Solving Linear Inequalities
Inequalities are mathematical sentences comparing two quantities that are not equal (or possibly not equal). There are five inequality symbols:
$x\ne 3$ | $x$ is not equal to $3$ |
$x<3$ | $x$ is less than $3$ |
$x>3$ | $x$ is greater than $3$ |
$x\le 3$ | $x$ is less than or equal to $3$ |
$x\ge 3$ | $x$ is greater than or equal to $3$ |
Often, for the last four types of inequalities, we need to solve the inequality so that the variable is alone on one side. This is done using analogues of the properties of equality : adding or subtracting the same quantity to both sides, or multiplying or dividing both sides by the same quantity. The only important difference is that:
- Whenever you multiply or divide both sides of an inequality by a negative number , you need to reverse the direction of the inequality.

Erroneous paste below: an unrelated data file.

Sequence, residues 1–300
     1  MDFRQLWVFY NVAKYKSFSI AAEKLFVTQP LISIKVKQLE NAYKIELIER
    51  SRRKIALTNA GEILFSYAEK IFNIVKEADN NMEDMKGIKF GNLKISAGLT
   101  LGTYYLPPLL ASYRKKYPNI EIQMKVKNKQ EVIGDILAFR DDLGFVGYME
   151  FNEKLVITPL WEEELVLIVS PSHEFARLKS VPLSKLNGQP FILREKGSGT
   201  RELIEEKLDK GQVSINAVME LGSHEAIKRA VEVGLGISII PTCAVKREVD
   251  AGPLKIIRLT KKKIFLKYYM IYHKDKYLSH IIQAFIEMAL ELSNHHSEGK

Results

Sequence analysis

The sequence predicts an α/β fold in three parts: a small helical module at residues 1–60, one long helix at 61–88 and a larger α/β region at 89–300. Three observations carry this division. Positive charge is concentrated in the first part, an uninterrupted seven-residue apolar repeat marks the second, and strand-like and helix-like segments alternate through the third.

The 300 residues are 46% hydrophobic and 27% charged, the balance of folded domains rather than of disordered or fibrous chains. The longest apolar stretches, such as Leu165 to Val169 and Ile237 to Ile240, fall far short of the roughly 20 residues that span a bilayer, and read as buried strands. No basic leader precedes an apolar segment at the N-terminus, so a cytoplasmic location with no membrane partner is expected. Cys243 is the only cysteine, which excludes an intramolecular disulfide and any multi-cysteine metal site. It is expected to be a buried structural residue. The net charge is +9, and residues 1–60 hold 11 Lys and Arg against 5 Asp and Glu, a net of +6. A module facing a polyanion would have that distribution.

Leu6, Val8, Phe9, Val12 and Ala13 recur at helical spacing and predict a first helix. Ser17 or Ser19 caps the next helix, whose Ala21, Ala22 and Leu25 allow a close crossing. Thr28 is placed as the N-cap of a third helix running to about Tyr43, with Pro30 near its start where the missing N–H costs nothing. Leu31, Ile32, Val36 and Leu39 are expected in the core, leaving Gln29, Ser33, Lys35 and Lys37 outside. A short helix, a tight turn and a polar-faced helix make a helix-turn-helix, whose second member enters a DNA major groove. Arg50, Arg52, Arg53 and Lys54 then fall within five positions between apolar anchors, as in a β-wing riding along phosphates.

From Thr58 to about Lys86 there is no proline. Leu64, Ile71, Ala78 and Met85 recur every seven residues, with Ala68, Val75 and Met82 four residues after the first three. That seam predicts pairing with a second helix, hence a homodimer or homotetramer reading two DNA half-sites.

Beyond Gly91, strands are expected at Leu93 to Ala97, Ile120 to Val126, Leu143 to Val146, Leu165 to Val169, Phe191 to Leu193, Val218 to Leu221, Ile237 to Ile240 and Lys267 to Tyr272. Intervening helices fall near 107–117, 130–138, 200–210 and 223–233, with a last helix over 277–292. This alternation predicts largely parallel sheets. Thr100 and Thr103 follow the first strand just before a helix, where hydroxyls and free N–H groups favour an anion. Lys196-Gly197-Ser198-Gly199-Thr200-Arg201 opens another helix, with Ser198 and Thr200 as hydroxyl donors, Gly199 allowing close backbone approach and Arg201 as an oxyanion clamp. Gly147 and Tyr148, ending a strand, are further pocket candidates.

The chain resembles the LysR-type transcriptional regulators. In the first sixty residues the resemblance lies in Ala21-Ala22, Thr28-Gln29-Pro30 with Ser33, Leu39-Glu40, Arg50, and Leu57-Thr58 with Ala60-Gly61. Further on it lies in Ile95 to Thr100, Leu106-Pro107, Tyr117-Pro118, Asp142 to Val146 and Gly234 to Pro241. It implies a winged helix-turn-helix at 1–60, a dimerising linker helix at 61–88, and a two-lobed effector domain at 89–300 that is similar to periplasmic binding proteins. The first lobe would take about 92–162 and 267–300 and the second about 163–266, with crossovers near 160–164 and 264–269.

To see why, consider a simple inequality like $1<2$ . If we multiply both sides by $-1$ without changing the sign, we get
$-1<-2$ , which is clearly false!
Example:
Solve for $x$ .
$-3x+2\le 14$
First, subtract $2$ from both sides.
$-3x\le 12$
Now divide both sides by $-3$ . Remember to reverse the inequality.
$x\ge -4$
Once you have the solution you might be asked to graph it .
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